‘Pie hole’, colloquial for one’s mouth, is believed to have evolved in the USA in the 1980s from the British expression ‘cake hole’ (coined in the mid 20th century). Pie hole refers to a mouth, as in: Shut your pie hole or, in this case: Put less in your pie hole.

Wednesday, April 24, 2013

Losing Your Mind? Can the Mediterranean Diet Help?

The Mediterranean Diet (MD) is one that is routinely in the news, frequently discussed by health professionals, commonly asked about by clients and often quite misunderstood. There are many health claims made about this nutty and fishy diet. This one is certainly no fad and has a fair bit of science behind it. Today we will focus on new research exploring the association between the MD and aging. Oil up and grab your nuts, this could get a little cheesy.

The MD is characterised by a high intake of vegetables, fruit, legumes, nuts, cereals and monounsaturated fats (eg: olive oil). Likewise, the MD comprises of low amounts of saturated fat (eg: processed/packaged goods, butter, etc) and a moderate intake of dairy, meat, poultry and fish. Alcohol (mostly red wine) is a regular but moderate feature with family meals. Lastly, the MD includes daily exercise activities. Countries in the Mediterranean region (Italy, Spain, etc) have eaten and lived this way for centuries.

What does the science say about the MD? Research shows associations between the MD and lowered risk of developing mild cognitive impairment (memory or thinking problems greater than normal for one's age and education). This encouragingly suggests that emulating the MD helps keep you from losing your marbles.

How does the MD have such a hold on your mind? The composition of the diet discussed above provides some highly desirable ingredients for health that reduces the risk of some cancers, diabetes, heart disease, memory problems/cognitive decline and more. The MD provides high amounts of:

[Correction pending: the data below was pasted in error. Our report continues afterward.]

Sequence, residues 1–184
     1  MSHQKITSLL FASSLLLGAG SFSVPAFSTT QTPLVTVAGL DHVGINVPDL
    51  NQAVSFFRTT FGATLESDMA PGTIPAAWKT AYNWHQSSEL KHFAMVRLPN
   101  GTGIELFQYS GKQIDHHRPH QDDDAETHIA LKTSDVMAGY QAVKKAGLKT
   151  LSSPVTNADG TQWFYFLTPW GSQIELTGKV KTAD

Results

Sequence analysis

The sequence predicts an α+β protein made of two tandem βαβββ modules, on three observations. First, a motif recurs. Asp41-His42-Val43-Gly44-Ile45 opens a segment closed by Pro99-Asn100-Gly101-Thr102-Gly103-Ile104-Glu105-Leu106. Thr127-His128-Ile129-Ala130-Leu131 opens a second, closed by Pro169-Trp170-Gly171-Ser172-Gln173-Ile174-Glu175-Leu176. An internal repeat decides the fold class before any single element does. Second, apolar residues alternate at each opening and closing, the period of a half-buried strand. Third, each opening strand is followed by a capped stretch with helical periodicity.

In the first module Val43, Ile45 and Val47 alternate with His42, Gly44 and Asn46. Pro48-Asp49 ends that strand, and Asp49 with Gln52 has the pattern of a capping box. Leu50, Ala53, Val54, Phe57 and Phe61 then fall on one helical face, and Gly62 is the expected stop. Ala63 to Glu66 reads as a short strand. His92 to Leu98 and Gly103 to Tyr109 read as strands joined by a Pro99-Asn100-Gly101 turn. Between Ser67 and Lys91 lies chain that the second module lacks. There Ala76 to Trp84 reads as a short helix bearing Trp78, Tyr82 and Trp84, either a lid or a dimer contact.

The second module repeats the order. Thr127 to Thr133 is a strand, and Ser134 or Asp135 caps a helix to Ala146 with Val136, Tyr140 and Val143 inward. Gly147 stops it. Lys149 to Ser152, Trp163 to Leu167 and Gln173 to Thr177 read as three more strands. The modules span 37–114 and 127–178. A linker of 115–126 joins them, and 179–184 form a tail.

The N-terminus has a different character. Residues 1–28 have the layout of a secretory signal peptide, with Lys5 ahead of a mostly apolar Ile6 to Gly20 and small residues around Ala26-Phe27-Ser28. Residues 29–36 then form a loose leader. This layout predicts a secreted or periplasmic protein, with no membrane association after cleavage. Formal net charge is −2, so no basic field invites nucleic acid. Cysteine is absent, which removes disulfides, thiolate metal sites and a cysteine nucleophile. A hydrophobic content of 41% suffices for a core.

• Monounsaturated fats (found in nuts, avocado, vegetable/canola/olive/sunflower oils)
  • B vitamins (found in proteins like meat, poultry, fish, dairy, legumes, eggs and vegetables)
  • Antioxidants (substances, including vitamins, found in fruits, vegetables, nuts, legumes, fish and poultry that help protect cells from damage)
  • Vitamin C (found in citrus and other fruits and veggies like tomato, broccoli and watermelon)
  • Vitamin E (found in fats/oils like nuts, seeds, avocado, eggs, canola and olive oils)
  • Carotenoids (found in red, yellow, orange and dark green fruits and veggies)

These components have research linking them with better cognitive function and performance, reduced cognitive impairment and a reduced risk of Alzheimer's disease (1, 2, 3).

Another reason to lube up your pie hole with some olive oil and other aforementioned goodies is their role in reducing oxidative stress, which leads to inflammation. Oxidative stress is caused by regular body activities like breathing and metabolism that produce molecules called 'free radicals'. You can think of these molecules as hyperactive bouncy children that run around at a party knocking into things. These unpredictable and bouncy molecules bump into cells and cause damage (they contribute to heart disease, diabetes, asthma and some cancers). Antioxidants and vitamins provided by foods dominant in the MD help neutralise free radicals and prevent cell damage.

So what have we learned? Extend an olive branch to the MD by:
  • Adding some extra fruits and veggies to your meals and snacks
  • Taking it easy on the red meat, go fishy instead
  • Putting some olive oil, rather than butter, into your pie hole
  • Legumes now and legumes later help when you're an old fart

Further reading about the MD from other dietitians:

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